Technical Standards
in Artificial Intelligence

In this module, we introduce technical standards in Artificial Intelligence, how they are developed, how they relate to diplomacy and explain the differences between standards, ethics, principles and legislation in AI. 

Standards often function ‘under the radar’- and technical standards-negotiation processes can be inaccessible and exclusive. But these standards are fundamental to all forms of governance, ranging from international rules and principles to domestic legislation and regulation.

Video Thumbnail for Artificial Intelligence in Tech Diplomacy by Barth Hogeveen

Main Take - aways

Takeaway #1
sits here
Takeaway #2
sits here
Takeaway #3
sits here

Why do technical standards matter for AI governance?

Technical standards are frequently described as ‘technical’ and ‘apolitical’. However, it’s important to remember that standards are constructed by people and therefore inevitably reflect the beliefs and values of the people, organisations, countries and cultures debating and negotiating their final form. Equally, standards are influenced by the current state of technology and the contemporary architecture of global governance.

As the EU’s AI Act (2024) comes into force, the US President’s executive order on ‘Safe, secure and trustworthy AI’ (2023) is implemented and China enforces its basic safety requirements (2024), the next phase of AI governance will increasingly focus on technical standards.

That’s the reason why diplomats, regulators, industry and civil society are currently so focused on ‘getting the appropriate standards’, ‘getting those standards right’ and ‘setting them at the right bar’.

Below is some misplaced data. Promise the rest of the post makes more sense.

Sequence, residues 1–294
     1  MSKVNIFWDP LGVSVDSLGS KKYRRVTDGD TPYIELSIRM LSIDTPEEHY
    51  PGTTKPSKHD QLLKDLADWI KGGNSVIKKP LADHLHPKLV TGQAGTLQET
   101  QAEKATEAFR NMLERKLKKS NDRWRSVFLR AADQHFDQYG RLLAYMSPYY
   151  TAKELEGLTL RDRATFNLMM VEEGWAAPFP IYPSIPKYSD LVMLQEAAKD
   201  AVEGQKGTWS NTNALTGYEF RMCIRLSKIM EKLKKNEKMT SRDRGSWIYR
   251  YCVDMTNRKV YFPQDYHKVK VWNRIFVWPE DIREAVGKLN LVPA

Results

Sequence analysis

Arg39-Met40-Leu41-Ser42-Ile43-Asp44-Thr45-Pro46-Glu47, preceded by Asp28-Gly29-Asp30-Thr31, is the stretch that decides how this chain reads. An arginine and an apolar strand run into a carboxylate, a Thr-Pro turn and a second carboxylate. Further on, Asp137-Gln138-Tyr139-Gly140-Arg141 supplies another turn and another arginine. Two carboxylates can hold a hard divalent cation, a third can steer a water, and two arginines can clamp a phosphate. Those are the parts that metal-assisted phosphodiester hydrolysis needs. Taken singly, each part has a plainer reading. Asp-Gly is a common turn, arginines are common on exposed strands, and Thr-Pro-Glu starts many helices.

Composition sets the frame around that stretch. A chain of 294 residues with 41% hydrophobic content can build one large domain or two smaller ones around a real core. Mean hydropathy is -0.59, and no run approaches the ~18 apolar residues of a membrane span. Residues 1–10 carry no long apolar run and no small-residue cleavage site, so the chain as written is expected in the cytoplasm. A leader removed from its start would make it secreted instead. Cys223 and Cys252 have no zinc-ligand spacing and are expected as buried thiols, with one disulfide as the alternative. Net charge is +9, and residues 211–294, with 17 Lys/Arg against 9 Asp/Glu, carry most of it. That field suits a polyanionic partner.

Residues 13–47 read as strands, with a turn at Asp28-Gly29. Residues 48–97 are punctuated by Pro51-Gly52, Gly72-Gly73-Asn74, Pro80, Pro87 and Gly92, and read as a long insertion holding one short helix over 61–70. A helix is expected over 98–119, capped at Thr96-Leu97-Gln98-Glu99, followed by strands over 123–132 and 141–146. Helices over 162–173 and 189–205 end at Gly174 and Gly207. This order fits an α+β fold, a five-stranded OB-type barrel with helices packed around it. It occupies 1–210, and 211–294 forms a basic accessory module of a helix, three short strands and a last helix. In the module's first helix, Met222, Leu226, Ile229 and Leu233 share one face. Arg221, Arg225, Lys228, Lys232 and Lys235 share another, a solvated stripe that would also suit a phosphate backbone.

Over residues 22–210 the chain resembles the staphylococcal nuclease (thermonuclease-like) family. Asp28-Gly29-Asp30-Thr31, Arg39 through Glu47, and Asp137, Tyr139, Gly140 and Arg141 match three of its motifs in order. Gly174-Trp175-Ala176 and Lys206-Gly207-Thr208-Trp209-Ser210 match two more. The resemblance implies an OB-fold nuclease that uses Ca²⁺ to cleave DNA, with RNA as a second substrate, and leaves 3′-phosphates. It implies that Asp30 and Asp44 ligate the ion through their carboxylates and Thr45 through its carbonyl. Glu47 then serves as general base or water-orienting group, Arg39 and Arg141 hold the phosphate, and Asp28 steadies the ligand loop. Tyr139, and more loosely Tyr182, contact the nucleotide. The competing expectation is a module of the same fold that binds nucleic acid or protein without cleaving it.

How do technical standards differ from norms, principles and regulation?

    While government and industry leaders share common ground in addressing global concerns about the misuse of AI, there is no agreement about the best way of organising global governance.

    No single treaty, convention or declaration to govern AI is in sight. Instead, it’s more likely that a patchwork of agreed and accepted set of principles and standards will emerge—among a large group of governments and non-government organisations.

    This patchwork will include various mechanisms of governance, such as:

    • International rules and norms: political statements or intergovernmental consensus texts that articulate what states and other entities should and shouldn’t do—but they aren’t legally binding and can’t be enforced. Nonetheless, they have discursive influence and can shape international agendas.

    • Principles and ethical guidelines: self-defined and non-binding statements of intent by governments, industry, or both through which they self-regulate. This instrument offers flexibility to move along with changes in technology and societal demands; and accommodate the challenges that come with AI technologies where governments don’t have a monopoly on systems operating from within their borders and don’t have the means to inspect or audit actual AI systems.

    • Strategies, policies and road maps: national-level documents that set out a time-bound mission and vision. Governments, industry sectors and companies adopt strategies and road maps to articulate their principles, objectives, priorities, concerns, opportunities, resources and so on.